Some Habits Should Never Die | A Guest Post From Grace Conyers | Owner of Insanitek Research and Development

This is a guest post from Grace Conyers.  She is an independent environmental researcher and owner of Insanitek Research and Development startup firm. Her passions are studying landscape changes, heavy metals in soil, and helping other independent researchers find their path. You can find out more about creating alternative paths on Insanitek.

Grace ConyersI’m wide awake, but it’s still dark beyond my windows. I roll over my fiancé, and look at the clock.


Sigh. It’s been 12 years, nearly a lifetime ago, since I left the military and another life behind me. Some habits will just never die, I suppose.

Restless, I get out of bed, mindlessly tuck the corners of my side under and turn to look for my beaten up running shoes. Yes, some habits never die.

As I get ready for my morning PT, which I’ve been doing for the last 19 years of my life, I reflect on that other life. I was young and angry when I joined up with the British military with my two best friends. Together the three of us stood in line during inspection, excited and unsure of what the future would bring.

During training, I held nothing back, and the years of martial arts training I’d had before quickly propelled me into fighting forces on the ground, into elite forces, and in a position of command. For 7 years I gave my all to the British military fighting as the only woman on the ground alongside my men.

Now it seems as if I still give my all as I wryly remember the nightmare that kept me awake at night while I tighten my shoelaces and climb on the worn treadmill. Running is both a punishment and a release to me in the still hours when no one else is awake.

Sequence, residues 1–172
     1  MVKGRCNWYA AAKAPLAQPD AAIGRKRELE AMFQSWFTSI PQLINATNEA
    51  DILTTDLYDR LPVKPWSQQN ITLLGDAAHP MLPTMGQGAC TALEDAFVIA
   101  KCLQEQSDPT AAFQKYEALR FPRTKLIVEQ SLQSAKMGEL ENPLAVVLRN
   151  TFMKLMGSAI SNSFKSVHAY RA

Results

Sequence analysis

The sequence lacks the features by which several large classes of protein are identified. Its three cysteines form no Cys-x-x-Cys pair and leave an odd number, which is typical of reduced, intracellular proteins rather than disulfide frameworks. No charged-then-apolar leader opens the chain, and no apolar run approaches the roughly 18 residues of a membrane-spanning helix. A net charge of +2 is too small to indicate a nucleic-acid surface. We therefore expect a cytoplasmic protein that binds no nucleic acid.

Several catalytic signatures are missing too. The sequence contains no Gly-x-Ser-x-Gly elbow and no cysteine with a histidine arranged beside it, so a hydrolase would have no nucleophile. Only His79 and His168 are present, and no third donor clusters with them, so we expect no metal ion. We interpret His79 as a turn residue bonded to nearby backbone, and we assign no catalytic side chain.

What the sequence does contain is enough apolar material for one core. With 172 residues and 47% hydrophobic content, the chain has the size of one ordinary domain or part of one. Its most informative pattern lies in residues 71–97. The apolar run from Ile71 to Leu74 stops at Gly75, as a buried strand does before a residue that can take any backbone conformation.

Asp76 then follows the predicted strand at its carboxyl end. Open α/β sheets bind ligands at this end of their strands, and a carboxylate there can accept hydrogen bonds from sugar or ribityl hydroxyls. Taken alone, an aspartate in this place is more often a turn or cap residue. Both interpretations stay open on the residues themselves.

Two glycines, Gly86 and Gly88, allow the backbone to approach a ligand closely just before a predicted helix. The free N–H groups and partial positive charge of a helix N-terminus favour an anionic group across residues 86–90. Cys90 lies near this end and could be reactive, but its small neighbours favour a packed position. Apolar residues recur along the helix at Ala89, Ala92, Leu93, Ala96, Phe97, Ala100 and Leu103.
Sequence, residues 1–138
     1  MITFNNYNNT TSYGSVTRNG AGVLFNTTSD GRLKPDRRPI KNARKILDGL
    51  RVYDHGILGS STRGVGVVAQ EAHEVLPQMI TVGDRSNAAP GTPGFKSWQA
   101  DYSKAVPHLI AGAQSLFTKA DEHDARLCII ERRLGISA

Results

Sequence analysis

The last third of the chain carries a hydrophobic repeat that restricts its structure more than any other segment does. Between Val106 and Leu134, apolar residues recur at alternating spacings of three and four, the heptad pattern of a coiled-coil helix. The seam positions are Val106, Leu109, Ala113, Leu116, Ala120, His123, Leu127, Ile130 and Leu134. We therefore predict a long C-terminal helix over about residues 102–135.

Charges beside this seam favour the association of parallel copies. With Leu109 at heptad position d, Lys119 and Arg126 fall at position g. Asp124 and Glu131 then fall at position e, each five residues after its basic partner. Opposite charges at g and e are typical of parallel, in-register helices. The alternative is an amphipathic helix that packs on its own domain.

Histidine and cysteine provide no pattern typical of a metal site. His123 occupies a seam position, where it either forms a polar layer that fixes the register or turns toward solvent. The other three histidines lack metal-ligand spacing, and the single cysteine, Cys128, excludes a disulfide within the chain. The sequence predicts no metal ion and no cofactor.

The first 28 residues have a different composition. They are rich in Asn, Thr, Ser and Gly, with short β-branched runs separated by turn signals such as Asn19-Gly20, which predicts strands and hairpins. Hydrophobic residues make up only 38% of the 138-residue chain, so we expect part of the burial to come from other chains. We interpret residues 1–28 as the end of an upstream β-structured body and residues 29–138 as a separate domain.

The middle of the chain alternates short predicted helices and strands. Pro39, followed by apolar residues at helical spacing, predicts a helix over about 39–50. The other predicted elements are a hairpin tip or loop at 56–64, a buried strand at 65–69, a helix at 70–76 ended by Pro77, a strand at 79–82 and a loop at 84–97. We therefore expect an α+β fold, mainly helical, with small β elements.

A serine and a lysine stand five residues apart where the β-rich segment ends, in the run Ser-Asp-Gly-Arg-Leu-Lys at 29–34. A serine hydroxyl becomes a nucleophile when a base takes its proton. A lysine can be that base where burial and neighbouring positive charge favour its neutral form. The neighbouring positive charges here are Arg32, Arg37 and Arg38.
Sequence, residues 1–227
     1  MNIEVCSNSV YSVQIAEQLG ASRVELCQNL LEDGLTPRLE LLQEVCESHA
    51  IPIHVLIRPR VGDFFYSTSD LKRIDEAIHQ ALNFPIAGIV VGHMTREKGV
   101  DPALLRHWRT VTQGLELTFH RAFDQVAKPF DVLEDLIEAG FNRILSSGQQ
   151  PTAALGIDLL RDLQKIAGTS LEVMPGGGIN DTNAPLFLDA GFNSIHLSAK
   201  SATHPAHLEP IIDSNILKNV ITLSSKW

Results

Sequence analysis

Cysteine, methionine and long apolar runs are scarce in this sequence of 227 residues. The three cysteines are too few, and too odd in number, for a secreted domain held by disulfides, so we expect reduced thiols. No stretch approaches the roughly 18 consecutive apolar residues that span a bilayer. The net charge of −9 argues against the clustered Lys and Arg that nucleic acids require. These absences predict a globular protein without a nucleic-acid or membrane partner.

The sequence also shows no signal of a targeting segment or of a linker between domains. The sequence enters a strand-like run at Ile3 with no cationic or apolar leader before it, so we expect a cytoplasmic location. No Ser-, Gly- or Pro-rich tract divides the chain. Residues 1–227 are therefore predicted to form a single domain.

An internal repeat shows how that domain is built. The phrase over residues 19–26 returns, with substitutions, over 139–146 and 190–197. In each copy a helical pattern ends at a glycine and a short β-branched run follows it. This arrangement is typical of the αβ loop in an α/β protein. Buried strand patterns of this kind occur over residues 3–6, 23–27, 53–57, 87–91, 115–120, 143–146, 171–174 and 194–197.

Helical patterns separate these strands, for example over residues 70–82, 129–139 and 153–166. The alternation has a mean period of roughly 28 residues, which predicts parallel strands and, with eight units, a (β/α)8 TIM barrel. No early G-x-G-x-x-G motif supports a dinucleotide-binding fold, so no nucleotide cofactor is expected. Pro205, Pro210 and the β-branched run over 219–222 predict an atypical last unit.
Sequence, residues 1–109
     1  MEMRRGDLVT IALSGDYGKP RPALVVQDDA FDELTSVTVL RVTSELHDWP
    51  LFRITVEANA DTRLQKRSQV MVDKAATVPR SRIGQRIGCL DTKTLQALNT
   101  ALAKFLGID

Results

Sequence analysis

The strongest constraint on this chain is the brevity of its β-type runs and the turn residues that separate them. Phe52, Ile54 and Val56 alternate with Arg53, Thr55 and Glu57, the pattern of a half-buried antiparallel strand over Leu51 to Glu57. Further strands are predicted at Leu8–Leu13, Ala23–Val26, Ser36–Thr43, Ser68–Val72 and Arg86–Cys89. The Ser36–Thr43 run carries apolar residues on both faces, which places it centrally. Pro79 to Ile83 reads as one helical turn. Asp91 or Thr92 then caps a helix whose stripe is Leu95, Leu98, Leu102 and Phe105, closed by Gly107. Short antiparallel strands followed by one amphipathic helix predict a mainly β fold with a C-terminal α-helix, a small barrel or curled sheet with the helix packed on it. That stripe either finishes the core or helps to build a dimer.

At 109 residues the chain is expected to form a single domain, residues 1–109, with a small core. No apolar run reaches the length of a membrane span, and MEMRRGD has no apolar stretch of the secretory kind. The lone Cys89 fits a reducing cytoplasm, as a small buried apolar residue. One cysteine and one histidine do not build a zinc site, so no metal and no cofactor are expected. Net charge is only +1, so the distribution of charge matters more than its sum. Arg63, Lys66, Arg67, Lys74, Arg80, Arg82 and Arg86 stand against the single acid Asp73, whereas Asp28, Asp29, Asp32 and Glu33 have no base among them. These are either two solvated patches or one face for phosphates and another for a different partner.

As the distance ticks by, I think of what is on my to-do list. Three client meetings, prepare for a workshop that I’m holding at the end of the month, and check the samples in the lab. The list goes on as I run the darkness out of my mind and greet the sunrise both in my soul and life.

As I eek out as many sit-ups as I can do, I vaguely note that in two minutes I have to do push-ups, followed by star jacks, and think about the next steps in the lab procedure.

I wasn’t always disciplined though.

Grace ConyersSince leaving the military I felt like I gave up a large part of who I was while I toiled away in the university studying my first loves of chemistry and the environment mixed with a little archaeology. I lost motivation to do my morning PT, to drive myself forward, and fight the dark memories that kept me awake at night. With this onset came a new life of aches and pains, an addiction to working more than usual – or healthy –, and a life as a civilian where no one understood me or what I went though.

Hell, they didn’t understand why someone would even want to join the military in the first place, so I didn’t bother to talk about it. I became more of a recluse hiding in plain sight in the front. But some habits never die.